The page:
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38688220 a Case Study on Rectal Adenocarcinoma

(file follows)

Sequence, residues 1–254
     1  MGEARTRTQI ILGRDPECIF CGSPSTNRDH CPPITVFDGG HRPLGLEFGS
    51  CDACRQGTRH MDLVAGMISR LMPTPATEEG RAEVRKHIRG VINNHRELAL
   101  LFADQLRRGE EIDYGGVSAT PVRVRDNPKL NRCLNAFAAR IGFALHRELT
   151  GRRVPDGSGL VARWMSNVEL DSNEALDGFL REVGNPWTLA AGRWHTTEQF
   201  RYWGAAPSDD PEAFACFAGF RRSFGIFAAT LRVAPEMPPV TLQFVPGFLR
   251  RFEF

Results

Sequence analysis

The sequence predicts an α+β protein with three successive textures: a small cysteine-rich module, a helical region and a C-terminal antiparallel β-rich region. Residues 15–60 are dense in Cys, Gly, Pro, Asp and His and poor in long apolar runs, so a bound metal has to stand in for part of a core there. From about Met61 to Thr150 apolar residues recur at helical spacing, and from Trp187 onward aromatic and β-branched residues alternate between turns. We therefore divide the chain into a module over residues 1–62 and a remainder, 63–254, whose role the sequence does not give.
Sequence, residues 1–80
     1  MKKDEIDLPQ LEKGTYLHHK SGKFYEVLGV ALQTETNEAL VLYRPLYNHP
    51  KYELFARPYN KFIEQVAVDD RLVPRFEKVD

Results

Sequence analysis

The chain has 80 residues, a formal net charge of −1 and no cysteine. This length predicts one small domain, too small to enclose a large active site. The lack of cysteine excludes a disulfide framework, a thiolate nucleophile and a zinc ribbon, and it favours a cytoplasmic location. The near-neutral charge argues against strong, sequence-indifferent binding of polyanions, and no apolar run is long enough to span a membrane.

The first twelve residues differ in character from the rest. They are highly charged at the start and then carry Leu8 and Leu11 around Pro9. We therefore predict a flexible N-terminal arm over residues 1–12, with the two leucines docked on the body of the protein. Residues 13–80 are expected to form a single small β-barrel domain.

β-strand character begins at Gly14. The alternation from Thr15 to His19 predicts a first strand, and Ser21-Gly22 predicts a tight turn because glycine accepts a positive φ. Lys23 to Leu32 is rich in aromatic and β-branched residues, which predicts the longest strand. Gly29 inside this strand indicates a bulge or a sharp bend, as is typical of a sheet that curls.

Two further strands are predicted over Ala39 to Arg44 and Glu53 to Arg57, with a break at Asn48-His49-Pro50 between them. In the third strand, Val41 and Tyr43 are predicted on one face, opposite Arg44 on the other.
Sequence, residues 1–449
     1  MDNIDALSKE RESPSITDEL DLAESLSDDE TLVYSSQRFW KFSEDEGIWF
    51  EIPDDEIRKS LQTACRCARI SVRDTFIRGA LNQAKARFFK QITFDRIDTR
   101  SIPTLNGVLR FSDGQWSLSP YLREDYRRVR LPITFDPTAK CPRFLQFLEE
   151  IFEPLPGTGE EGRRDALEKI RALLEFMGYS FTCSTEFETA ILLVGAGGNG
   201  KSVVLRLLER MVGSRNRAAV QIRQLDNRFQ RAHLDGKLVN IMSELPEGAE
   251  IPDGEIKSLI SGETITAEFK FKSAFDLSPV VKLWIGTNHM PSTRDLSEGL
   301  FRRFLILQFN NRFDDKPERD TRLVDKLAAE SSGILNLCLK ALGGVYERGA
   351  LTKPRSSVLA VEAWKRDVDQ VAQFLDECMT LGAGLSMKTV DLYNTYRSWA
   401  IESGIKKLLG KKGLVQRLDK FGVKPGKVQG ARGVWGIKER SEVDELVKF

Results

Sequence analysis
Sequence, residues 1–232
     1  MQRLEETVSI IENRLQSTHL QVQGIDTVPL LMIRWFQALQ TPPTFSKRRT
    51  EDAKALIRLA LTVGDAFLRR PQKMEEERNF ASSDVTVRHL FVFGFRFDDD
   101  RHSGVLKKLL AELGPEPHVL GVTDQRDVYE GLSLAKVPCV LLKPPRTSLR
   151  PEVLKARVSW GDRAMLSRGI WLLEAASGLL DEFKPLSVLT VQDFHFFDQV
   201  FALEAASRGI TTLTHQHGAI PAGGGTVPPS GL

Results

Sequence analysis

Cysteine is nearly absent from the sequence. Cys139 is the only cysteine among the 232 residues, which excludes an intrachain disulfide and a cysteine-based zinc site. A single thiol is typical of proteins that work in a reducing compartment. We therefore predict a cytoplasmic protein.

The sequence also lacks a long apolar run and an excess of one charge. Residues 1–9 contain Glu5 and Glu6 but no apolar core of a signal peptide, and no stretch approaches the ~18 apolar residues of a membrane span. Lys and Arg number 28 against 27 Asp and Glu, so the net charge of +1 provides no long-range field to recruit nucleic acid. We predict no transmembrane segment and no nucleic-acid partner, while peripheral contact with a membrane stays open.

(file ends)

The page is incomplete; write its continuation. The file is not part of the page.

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   A Case Study on Rectal Adenocarcinoma 1 I. INTRODUCTION Rectal cancer may be of the adenocarcinoma type and usually arise from the epithelium (the layer of cells) which lines the large intestine. The colon is part of the large bowel. The large bowel starts at the end of the small bowel (the ileum), at the caecum. The caecum has the appendix running off it. The start of the colon is the ascending colon and where this rises to meet the liver (the hepatic flexure) it becomes the transverse colon. The transverse colon goes across the upper abdomen until it becomes adjacent to the spleen (the splenic flexure) and at this point it becomes the descending colon. The large bowel at this point goes down the abdomen to the pelvis at which point it becomes the sigmoid colon (because it curves in an S shape, sigma being the Greek for S ). The sigmoid colon terminates at the rectum, which acts as a storage pouch for feces before it is evacuated through the anus. Overall, the function of the large bowel is to absorb water from stools. When the ileum enters its contents into the caecum, they are extremely liquid and gradually solidify as the contents progress around the large bowel. Rectal cancer is common but occurs very rarely in young adults. Rectal cancer becomes more common as age increases. People in their 50s, 60s and 70s are most at risk with sex incidence being slightly more common in females. Geographically, the rectal cancer tumor is found worldwide, but rectal cancer is most common in areas   A Case Study on Rectal Adenocarcinoma 2 which have low fiber diets. Areas of the world with high fat consumption and low fiber consumption such as Europe, USA and Australia. Furthermore, in the Philippines, 75% of all cancers occur after age 50 years, and only about 3% occur at age 14 years and below. If the current low cancer prevention consciousness persists, it is estimated that for every 1800 Filipinos, one will develop cancer annually. At present, most Filipino cancer patients seek medical advice only when symptomatic or at advanced stages: for every two new cancer cases diagnosed annually, one will die within the year. It is estimated that 30  – 50% of cancer patients in all stages of the disease will experience pain and 70  – 95% with advanced disease will have significant pain, but only a fraction of these patients receive adequate treatment. In a study on cancer pain among Filipino patients, 73% had pain related to their disease, 60% of which was persistent (43). Causative Factors:    Hereditary Conditions:  At particularly high risk of Rectal cancer are people with hereditary conditions such as Familial Adenomatous Polyposis or Hereditary Non Polyposis Colorectal Cancer. In these conditions, it can occur even in young adults, e.g. late teens and early 20s.    Family History of Rectal Cancer:  First degree relatives of patients with rectal cancer have an increased risk, particularly if the relative develops rectal cancer at a young age.    Polyps:  Certain types of polyps, notably villous adenomas have a potential to become malignant. Rectal cancer patients who have previously had a polyp in the large bowel should undergo regular  colonoscopy (ask your doctor how often).    Inflammatory Bowel Disease:  Patients who suffer from ulcerative colitis, have approximately a tenfold risk of developing the disease and should have a colonoscopy carried out regularly.    Diet:  A high fat, low fibre diet, especially if high in red meat, is the worst diet that predisposes people to rectal cancer. People who suffer from obesity are also at an increased risk. The rectal cancer tumor spreads by invading the bowel wall. Once it crosses through the muscle layer within the bowel wall, it enters the lymphatic vessels, spreading to local and then regional lymph nodes. Sometimes rectal cancer spread via the blood stream to the liver, which is the most common area of metastasis from this tumour. Other organs that may be affected by blood borne spread are the lungs, less often the bones, and even less often the brain. If a lot of tumor cells get through the bowel wall, they tend to float around as a small amount of fluid within the abdomen and can seed the covering of   A Case Study on Rectal Adenocarcinoma 3 the bowel (peritoneum). This type of seeding produces small nodules throughout the abdomen which irritates tissues and causes the production of large amounts of ascites (fluid). Direct spread from the rectum may attach the tumor to the bladder in males and cause fistulas. In females it may invade the vagina or adjacent pelvic organs. Virtually all adenocarcinomas develop from adenomas. In general, the bigger the adenoma, the more likely it is to become cancerous. For example, polyps larger than two centimeters (about the diameter of a nickel) have a 30-50 percent chance of being cancerous. You can learn more about polyp size and colon cancer risk by viewing the Polyp Size Gallery. By the time colorectal cancer is diagnosed, it has often been growing for several years, first as a non-cancerous polyp (adenoma) and later as cancer. Research indicates that by age 50, one in four people has polyps. General investigations into rectal cancer may show anaemia or an abnormal liver function test. The blood albumin level may be low (Albumin is produced mainly in the liver. It helps to keep the blood from leaking out of blood vessels. When albumin levels drop, fluid may collect in the ankles, lungs, or abdomen). If liver involvement is severe the clotting profile will be abnormal with a raised INR. The rectal cancer symptoms that may require attention are fatigue from anaemia and the feeling of tenesmus (wanting to open the bowels when there is no stool there can be particularly distressing, especially when it is painful). Rectal cancer patients may require treatment for visceral pain from liver metastases and less commonly for somatic pain from bone metastases. If lung metastases are present there may be pleural effusions causing breathlessness. Effusions may require drainage. The scope and limitation of this case study was only during the hospitalization of the patient right after his surgery, which was during our first week of duty on September 17-18, 2010. We then gather the necessary information for this case study possible. Furthermore, the group decided to choose this case to be presented in our clinical instructor for this is new and interesting problem, as far as we were exposed to the clinical area. In addition to that, our kind clinical instructor also suggests having this as our case.   A Case Study on Rectal Adenocarcinoma 4 II. GOALS AND OBJECTIVES General Objectives: To provide the students a guide line in caring for people with Rectal  Adenocarcinoma using the nursing process appropriately and effectively. To give information on the readers about the nature and the extent of well differentiated adenocarcinoma rectum disease. Lastly, to provide the general public of the new developments in nursing care in regards of treating the disease condition. Specific Objectives:  At the end of this study, we, the student nurses of this institution, will able to: 1. Define and identify the probable causative factors of adenocarcinoma rectum 2. Trace the anatomy and physiology. 3. Assess the nursing history of the patient. 4. Identify the signs and symptoms of the underlying disease. 5. Formulate the nursing care plan, to achieve the maximum wellness of the patients well as awareness on the part of the significant others. 6. To provide health teaching to the patient and significant others to improved the former condition and prevents complication.